“Where are we going for tea?”
My afternoon tea adventures have taken me all over London in the past few years, but never all at once. I’m delighted to report this situation has now been rectified.
Walking to Northumberland Avenue on a wet and blustery November afternoon, I must admit I was having my doubts about afternoon tea on a 1960s Routemaster bus.
But despite the great British weather doing its best to spoil the occasion, the 90 minutes that followed were surprisingly good fun.
The Afternoon Tea Bus Tour is run by B B Bakery, purveyors of tea, cake and a sense of French fancy at their just-off-Covent Garden home since 2012. And some of this Gallic charm definitely shines aboard this most British of vehicles.
Embarking the bus with my sister (an out-of-town-tourist-type) we went straight upstairs to our reserved table, right above the driver at the front – the legendary BSOTB – (best seat on the bus). Alongside us were another couple and further back a handful of groups on the tables for four.
Right from the beginning, as the bus pulled off and went over its first bump, there was a sense of camaraderie as the realisation that managing sliding plates and cups would be a feature of this experience.
Organising tea on an ageing bus, turning through the tight streets of London is clearly a logistical nightmare for the folks at B B Bakery, but they’ve put a lot of thought into it – plates perch on anti-slip maps, cups sit in holders and drinks are served in screw-top sippy cups. But logistics aren’t really that sexy; you want to hear about the food!
Despite there being no working kitchen on board the food is remarkably good. The Christmas menu is identical to that at BB HQ and had clearly arrived fresh from the kitchens there.
Westminster – Buckingham Palace – Harrods – South Kensington – Hyde Park…
Savouries included winter savoury cakes, smoked salmon and cream cheese blinis, cucumber and mint sandwiches, and turkey on sundried tomato bread, but top marks in this round went to the leek and Stilton quiche, which was rich and eggy and creamy and crumbly all at the same time.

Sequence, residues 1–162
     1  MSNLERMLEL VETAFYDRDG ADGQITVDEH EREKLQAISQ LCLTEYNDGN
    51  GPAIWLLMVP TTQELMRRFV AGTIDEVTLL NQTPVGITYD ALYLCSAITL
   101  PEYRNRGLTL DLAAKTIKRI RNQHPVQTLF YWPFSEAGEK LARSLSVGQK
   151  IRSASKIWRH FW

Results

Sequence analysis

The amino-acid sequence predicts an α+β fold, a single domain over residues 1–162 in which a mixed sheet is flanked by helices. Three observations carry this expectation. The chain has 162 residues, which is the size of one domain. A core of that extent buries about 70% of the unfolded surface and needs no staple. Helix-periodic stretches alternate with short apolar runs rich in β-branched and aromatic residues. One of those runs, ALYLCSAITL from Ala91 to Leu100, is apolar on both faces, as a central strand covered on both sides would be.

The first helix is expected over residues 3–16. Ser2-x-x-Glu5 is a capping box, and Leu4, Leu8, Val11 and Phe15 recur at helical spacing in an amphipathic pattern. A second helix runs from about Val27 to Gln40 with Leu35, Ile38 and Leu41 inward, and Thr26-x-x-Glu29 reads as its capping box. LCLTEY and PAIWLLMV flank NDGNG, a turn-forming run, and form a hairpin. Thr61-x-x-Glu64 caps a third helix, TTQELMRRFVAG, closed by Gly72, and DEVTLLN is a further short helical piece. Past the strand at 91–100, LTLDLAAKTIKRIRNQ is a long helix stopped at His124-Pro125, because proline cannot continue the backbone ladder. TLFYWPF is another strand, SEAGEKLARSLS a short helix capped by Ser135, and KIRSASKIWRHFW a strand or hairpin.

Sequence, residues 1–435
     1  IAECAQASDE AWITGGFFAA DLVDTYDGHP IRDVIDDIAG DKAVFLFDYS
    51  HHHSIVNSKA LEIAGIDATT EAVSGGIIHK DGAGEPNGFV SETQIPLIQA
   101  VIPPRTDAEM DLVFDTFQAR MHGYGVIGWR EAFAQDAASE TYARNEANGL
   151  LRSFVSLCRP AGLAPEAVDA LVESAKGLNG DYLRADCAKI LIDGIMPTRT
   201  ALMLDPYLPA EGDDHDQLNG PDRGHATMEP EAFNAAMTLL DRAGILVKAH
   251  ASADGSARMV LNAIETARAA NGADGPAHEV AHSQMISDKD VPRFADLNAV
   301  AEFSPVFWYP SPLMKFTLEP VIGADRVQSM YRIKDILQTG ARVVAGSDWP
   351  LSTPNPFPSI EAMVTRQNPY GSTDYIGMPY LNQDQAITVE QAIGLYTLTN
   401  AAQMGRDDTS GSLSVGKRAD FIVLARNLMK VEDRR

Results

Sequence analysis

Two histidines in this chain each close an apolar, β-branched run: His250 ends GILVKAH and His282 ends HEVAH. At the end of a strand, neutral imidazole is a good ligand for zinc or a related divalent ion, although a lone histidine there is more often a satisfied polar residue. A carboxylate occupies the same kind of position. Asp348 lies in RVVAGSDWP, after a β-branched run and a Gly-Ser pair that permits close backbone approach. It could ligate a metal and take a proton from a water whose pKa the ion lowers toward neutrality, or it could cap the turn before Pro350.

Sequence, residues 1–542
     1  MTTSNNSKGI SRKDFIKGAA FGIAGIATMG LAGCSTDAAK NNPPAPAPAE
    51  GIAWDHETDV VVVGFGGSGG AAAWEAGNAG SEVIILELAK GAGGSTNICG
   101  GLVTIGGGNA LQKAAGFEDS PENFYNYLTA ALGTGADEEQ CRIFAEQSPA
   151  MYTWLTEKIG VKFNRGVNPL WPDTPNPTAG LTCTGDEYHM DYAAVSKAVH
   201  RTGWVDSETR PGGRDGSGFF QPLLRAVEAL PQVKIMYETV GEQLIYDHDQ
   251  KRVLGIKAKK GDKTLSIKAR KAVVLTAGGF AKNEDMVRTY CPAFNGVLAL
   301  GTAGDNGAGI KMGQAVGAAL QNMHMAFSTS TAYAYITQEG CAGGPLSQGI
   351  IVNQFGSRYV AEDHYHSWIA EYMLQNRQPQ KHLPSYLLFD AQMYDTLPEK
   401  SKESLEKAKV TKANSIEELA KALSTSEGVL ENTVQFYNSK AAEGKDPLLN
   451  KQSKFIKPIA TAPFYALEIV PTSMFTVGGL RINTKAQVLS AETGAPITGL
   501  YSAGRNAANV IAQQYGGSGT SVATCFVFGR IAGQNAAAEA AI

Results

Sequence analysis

Royal Albert Hall – Notting Hill – Marble Arch…
Sweets included sticky, rich chocolate and orange tarts, cupcakes, a very French Queen Sablé raspberry and coconut creams, and a possibly even more French ‘il était une fois Noël’ macarons. But the British scored a few points back as the star of the show here was the dark, dense Christmas cake – a real taste of the festive season to come.
Piccadilly – Trafalgar Square – Embankment – Parliament Square
But perhaps the greatest skill of this moving feast was to be found with the scones. Although clotted cream and jam were to come in small individual-serving plastic tubs, they were both the top brands you’d hope for – Rodda’s and Bonne Maman respectively. Too often a scone can be let down by its toppings, but this was definitely not the case here.
Teas and coffees were free-flowing and each person also got a bottle of freshly squeezed orange juice.
This is certainly the most ‘action’ afternoon tea you’ll find in London (although it’s worth noting B B have a lot of dates listed for their Thames boat tea in 2016 as well). And I have to admit, saving sandwiches and cakes from impending floor doom is quite good fun.
At £45 per person, it is £10 more expensive than the same menu at the B B Bakery café and if you want BSOTB it’s a further £10.
I like this tea and the people who do it a lot, and I know there are specific overheads which have to be met. If they could find a way to reduce the price a little I think it would be a real must-do. But if you’re looking for a treat and a unique view of our great capital, I can’t recommend it highly enough.
BB Bakery Bus – Seating Plan
• Monday-Friday = 2 tours (15:00 & 17:30)
• Saturday-Sunday = 3 tours (12:30 & 15:00 & 17:30)
Bus departs from No. 8 Northumberland Avenue
The tour lasts for approximately one hour and twenty minutes